You may accept lots of answers for each statement. That’s abundant! Each answer is a possible article topic. Most of them won’t be specific enough (or maybe too specific) for an article, but they should accord you lots of advanced starting points from which to brainstorm angles.

Anticipate of freelance writing as your own befalling to apprentice about all the things you ever wanted to apperceive, and don’t anguish if you’re not yet an “expert” in any of these areas! Among my favorite writing assignments accept been topics in which I had no previous expertise:

-An article about a woman who started her own greeting card bag for Woman’s Own. Of course, I’ve never started my own greeting card bag—but the topic certainly absorbed me, and I wanted a acceptable excuse to apprentice added about it.

-An article about how “media overload” affects children’s adding to for I’m not even a root, let alone an expert in child psychology. But I’ve always wondered how increasing media immersion (TV, Internet, video games, radio, etc.) has affected bodies in MY begetting.

-An article about book packagers for Writer’s Digest. Okay, I had written for a book packager at that point– but aloof one, and I was eager to apprentice added about the industry and its players. It gave me the absolute excuse to contact book packagers and apprentice added about the marketplace. And If not for this article, I would never accept written Celine Dion’s book… I sent my resume and samples to one of the packagers I interviewed, and an editor there wound up calling me age subsequent with the assignment!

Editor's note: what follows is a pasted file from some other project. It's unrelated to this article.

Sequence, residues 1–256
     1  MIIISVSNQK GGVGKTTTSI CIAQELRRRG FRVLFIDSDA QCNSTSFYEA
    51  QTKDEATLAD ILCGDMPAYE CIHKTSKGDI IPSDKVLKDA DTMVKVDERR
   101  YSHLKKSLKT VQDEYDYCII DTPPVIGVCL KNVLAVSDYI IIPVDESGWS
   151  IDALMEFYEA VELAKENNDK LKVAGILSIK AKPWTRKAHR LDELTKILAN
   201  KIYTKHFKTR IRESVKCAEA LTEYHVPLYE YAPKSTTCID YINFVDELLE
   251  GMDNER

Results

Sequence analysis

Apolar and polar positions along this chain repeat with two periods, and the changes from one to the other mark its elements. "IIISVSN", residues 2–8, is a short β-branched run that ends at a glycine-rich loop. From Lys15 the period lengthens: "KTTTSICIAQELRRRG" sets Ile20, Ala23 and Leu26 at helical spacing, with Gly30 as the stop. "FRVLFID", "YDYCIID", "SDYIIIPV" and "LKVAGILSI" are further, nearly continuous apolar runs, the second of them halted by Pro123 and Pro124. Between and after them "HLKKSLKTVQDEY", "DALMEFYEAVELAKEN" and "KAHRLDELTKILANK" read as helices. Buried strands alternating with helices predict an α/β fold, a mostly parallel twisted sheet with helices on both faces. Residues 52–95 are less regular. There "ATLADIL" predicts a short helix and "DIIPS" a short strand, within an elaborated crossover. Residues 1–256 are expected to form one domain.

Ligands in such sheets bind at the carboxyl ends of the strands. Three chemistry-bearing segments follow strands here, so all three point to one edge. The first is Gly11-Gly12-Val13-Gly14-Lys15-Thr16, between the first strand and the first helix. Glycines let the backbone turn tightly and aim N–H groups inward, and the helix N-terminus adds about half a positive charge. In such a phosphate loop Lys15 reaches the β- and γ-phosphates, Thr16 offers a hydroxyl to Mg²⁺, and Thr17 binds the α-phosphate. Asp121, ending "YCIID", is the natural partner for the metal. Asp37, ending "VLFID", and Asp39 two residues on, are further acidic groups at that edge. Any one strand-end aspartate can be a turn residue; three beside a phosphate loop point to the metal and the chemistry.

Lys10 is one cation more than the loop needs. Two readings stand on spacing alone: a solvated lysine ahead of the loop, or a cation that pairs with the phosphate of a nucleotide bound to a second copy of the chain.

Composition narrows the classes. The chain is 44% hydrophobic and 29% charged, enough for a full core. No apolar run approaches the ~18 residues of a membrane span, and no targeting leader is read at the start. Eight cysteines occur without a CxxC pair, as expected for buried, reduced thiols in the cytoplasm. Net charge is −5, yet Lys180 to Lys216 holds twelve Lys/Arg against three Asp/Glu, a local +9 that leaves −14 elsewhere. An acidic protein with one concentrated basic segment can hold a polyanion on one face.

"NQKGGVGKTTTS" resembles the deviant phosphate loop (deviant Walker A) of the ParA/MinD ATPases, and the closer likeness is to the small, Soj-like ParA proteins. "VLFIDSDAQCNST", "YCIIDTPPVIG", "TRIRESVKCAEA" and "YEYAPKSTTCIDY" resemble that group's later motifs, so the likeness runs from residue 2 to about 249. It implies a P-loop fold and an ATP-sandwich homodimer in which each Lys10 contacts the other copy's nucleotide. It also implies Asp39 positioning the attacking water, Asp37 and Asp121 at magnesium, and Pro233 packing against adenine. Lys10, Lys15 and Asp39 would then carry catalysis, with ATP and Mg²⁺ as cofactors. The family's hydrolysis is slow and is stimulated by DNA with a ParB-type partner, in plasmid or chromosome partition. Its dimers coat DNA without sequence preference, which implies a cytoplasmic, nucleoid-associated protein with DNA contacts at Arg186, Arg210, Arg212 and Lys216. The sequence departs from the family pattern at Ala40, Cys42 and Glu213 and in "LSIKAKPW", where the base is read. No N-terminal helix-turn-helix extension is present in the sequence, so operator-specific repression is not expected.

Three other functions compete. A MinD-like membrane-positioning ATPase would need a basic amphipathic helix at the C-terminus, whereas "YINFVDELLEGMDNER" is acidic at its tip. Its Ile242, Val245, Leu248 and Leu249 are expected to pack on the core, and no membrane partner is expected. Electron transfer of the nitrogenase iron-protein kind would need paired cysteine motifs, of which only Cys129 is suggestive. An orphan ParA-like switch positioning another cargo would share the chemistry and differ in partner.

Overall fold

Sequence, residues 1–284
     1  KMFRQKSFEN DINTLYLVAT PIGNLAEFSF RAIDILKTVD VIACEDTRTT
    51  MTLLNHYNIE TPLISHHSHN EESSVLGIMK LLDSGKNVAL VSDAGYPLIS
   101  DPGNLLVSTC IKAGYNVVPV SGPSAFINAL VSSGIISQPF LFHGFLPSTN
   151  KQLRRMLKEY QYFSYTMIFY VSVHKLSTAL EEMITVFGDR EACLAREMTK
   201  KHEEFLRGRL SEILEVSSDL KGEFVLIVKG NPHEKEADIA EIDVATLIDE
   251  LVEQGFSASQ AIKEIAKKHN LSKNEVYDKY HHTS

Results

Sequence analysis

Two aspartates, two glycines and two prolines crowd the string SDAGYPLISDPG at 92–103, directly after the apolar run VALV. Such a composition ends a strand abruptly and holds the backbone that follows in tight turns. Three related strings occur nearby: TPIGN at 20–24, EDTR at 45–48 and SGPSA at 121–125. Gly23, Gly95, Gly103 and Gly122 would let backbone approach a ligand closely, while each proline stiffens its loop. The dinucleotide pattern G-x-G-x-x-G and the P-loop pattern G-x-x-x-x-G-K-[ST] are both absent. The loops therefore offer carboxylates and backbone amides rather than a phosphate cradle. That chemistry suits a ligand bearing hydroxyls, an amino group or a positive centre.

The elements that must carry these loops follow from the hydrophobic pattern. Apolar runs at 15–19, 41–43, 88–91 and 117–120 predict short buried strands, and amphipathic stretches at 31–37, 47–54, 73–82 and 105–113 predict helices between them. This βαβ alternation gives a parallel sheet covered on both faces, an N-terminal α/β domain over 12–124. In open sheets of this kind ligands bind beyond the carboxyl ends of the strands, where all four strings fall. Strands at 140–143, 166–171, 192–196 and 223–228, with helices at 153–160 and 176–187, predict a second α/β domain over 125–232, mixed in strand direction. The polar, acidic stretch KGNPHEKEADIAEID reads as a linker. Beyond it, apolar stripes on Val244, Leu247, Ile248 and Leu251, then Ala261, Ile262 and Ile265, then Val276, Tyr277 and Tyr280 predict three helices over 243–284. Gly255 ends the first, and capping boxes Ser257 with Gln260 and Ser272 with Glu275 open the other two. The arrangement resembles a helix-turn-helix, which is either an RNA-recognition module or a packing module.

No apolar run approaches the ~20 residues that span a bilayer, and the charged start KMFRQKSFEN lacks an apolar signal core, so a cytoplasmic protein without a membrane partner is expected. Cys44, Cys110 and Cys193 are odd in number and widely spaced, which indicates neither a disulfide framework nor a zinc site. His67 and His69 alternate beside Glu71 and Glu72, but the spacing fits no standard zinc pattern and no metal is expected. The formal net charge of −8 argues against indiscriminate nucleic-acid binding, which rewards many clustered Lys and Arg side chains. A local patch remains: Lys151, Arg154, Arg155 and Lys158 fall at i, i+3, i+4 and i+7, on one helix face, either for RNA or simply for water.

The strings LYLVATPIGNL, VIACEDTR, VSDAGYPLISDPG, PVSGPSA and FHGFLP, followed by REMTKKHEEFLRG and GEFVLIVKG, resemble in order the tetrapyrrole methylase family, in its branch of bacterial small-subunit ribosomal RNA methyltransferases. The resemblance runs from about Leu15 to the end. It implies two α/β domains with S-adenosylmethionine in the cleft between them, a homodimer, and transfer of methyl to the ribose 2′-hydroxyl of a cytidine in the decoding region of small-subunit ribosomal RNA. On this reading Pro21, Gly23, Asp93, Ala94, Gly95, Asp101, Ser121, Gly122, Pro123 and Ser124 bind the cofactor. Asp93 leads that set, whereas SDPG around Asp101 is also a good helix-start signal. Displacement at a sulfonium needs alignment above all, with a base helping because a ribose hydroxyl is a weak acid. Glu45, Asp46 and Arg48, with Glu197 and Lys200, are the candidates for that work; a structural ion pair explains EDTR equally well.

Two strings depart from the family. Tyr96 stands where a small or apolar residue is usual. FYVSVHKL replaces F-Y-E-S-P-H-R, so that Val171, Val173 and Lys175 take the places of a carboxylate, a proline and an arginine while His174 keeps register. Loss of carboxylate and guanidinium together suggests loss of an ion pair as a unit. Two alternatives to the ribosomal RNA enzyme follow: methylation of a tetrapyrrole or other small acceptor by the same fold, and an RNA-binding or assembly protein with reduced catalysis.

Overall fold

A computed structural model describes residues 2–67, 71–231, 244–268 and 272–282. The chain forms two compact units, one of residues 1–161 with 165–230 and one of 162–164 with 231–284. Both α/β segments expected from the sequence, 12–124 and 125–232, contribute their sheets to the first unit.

-Several articles about absorbing inventions for How much amusing did I accept learning about how Velcro, aspirin, and Post-It Notes were invented? This fabricated for abundant dinner table conversation for weeks. My father always fancied himself a bit of a aberrant inventor, and I guess the gene spilled over to me. I devour these quirky stories of how the human apperception approaches botheration-solving creatively.

-Every disabilities-related article I’ve ever written. Was I an expert in this area when I began? No. I accept a brother who has Down syndrome, so I had the statement of some extra compassionate, but I alone became an “expert” by writing about this topic over and over. Each age, I learned something advanced that I really wanted to apprentice– advanced legislation for bodies with disabilities, profiles of astonishing bodies with disabilities, issues of discrimination, etc.

When working to broaden your writing horizons, be sure to anticipate about two things: your passions, and your curiosities. You don’t charge to inscription alone about topics that beggarly “everything” to you

About The Author

Jenna Glatzer is the editor of (pick up a FREE list of agents looking for advanced writers!) and the author of 14 books, including MAKE A REAL LIVING AS A FREELANCE WRITER, which comes with a FREE Editors’ Cheat Sheet. She’s again Celine Dion’s authorized biographer. Appointment Jenna at

[email protected]

This article was posted on August 11, 2005

Originall posted March 18, 2012